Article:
Working from home
Well, here we are. I was hoping to avoid spending any real time talking about COVID-19 (which sounds more appropriately dystopian to me than Novel Coronavirus), but here we are. I wanted to avoid it because I didn’t want to make light of something so serious, and I also didn’t want to turn my “humor” blog into a bummer.
But this has been thrust upon us all, so I hope that in your time of solitude you can find my own trivial misfortunes amusing. Everyone likes watching someone fall down, as long as they’re ok. It’s funny, you can admit it.
I’ve been working long hours starting the end of last week and my wife has been home with both kids. Initially it was supposed to be spring break, but then it turned into this new reality. Fortunately what my wife lacks in patience she makes up for in not taking it out on me.
Last week I saw everyone was buying up toilet paper, since we had toilet paper, and I own a shower I wasn’t all that concerned and didn’t think much more than a meme of it. That was before I stopped at Publix on Thursday evening to get a few things. Not toilet paper, just basic things like sugar, flour, butter. The most basic of things possible really. There was no flour. I thought since we needed bread flour rather than regular flour we’d be fine. But no. There was NO flour.
This struck me as funny as my wife an I had discussed during the run up to the craziness that we weren’t all that worried about bread shortages etc., because she’s an amazing baker and if she’s going to be home she might as well bake our bread. I had not imagined that I didn’t need a wife that could bake, I needed a wife that could plant and harvest grain.
I am quite certain that there are a number of people in town that now have bags of bread flour and have no idea what the hell bread flour is. They are trying to make biscuit from scratch for the first time thanks to a website and flour is flour. They are supremely disappointed in their biscuits. There are pounds and pounds of flour bought this week lining the bottoms of pantries that will be thrown out when some one finally decides to use it and there are bugs in it. I’m not bitter. I am a little annoyed.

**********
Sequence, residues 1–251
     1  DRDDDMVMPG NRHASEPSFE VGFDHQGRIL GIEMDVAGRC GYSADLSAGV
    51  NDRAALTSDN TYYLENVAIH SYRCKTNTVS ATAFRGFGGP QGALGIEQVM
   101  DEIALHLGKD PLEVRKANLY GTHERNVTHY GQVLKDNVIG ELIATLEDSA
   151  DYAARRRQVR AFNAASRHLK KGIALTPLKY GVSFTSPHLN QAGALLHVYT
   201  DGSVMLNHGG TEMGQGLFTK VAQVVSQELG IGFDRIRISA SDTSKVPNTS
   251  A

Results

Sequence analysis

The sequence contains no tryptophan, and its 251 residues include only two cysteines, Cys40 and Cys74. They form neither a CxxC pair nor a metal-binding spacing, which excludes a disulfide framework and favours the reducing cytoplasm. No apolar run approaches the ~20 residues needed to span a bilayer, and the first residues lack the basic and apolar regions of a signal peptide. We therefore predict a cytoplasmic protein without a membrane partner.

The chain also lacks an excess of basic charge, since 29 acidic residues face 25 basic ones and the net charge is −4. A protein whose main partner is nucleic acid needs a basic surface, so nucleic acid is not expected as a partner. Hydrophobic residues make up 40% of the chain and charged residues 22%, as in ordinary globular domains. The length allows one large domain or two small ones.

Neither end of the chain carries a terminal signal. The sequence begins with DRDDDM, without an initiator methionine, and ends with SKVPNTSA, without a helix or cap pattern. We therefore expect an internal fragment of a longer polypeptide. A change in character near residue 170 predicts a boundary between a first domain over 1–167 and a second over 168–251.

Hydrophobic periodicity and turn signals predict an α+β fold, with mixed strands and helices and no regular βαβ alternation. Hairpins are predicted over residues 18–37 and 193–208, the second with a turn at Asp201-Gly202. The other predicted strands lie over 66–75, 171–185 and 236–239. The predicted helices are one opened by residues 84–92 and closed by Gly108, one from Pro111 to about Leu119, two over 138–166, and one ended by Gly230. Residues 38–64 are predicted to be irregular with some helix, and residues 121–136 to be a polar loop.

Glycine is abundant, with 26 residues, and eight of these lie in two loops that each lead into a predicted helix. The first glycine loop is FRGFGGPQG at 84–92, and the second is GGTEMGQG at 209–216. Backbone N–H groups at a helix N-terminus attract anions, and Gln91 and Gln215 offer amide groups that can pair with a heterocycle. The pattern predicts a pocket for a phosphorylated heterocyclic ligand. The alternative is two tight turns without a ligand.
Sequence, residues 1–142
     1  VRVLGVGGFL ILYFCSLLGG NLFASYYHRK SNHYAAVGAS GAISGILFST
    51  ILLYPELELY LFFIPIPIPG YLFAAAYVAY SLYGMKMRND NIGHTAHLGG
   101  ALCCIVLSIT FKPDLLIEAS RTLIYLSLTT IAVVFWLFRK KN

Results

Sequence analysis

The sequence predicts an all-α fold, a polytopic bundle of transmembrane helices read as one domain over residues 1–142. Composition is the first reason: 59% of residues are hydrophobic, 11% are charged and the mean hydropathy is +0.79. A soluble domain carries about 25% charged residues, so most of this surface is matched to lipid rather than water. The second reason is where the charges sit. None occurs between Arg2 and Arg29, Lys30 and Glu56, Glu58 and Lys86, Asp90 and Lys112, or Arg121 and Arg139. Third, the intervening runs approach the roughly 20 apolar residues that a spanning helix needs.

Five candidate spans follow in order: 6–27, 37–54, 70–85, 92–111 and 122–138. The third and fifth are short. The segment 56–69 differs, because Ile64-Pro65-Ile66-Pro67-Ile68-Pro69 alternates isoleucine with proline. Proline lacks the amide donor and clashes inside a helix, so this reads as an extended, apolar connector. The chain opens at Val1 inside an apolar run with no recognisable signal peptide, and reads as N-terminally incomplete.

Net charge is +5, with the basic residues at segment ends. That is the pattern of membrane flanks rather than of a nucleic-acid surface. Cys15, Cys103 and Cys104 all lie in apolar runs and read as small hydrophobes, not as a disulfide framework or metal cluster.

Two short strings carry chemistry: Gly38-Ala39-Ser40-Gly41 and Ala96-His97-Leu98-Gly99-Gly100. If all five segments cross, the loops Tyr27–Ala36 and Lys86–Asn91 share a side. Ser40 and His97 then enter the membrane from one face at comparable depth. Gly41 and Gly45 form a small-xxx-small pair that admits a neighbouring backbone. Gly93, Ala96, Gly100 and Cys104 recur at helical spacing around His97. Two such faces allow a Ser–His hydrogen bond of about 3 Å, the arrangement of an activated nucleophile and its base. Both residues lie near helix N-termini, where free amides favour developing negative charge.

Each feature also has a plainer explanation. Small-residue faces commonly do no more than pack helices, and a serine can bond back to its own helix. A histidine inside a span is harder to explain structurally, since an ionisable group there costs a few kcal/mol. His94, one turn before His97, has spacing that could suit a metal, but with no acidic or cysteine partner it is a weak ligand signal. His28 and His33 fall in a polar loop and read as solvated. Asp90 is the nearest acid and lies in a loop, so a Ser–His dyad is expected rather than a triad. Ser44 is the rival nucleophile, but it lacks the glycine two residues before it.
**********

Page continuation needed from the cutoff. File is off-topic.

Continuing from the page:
Like most people this week was grinding on. I was working late an my wife was going insane and wondering why she ever went off birth control to begin with. I imagine urologists all over the country are getting calls from wives who in hushed voices are asking, “so you’re sure it worked right?”
On my way home Thursday my wife sent me a text telling me that everyone in the house had a fever (I have since learned that they were all in the mid 99’s and that is, in fact, not a fever). Out of an abundance of caution I decided I’d work from home on Friday, after all we’d spent the last week at work making sure that everything was prepared in case that happened.
I have never really “worked from home” before. I’ve brought work home. I spend most nights looking things up, emailing, prepping, and otherwise working at home. I’ve now learned that working “from home” is something entirely different. And it’s terrible.
I spent most of the day trying to fight back emails using an iPad with a keyboard, juggling two cell phones and having to try to participate in conference calls (which I already dread) on a cell phone.
While I do feel guilty when I’m at work and my wife is at home juggling both kids, I feel even more guilty when I’m just upstairs in the guest room typing on a tiny keyboard and can actually hear her juggling both kids and by the sound of it repeatedly dropping one of them.
Since members of my family had a fever (they didn’t) it was determined that we would all have to go get checked by a doctor. We arrived, and were met in the parking lot like we were told we would be, we waited in the car until they were ready for us “to be taken straight back.” Straight back turned out to be straight to triage, then straight to sub-waiting.
Taking kids into a doctors office is unpleasant in the best of times. Taking a 6 year old who can’t manage to keep his hands out of his mouth and a 16 month old who wants to get down and roam around to the doctors office in the midst of a pandemic is just downright cruel.
Fortunately we’re all healthy and fever free. Vera had an ear infection, which we already knew thanks to her trip to the ENT on Monday. We decided to pick up the antibiotic perscription we were hoping not to use.
In addition to being out of flour, sugar, butter, and every part of the chicken, Publix also decided in the middle of the greatest health crisis for generations to go ahead and close the pharmacy early too.
I ended my night (and week) fittingly on a video conference with other dads drinking bourbon. A fitting tribute to this week, and maybe the new form of whiskey night in this strange world we currently live in.
Take care of each other. Be kind. Support local businesses. We’ll all get through this together, but none of us can get through it alone.
If you’re in Tuscaloosa and looking to support a local business checkout https://ttowntakeout.com to see what some have to offer.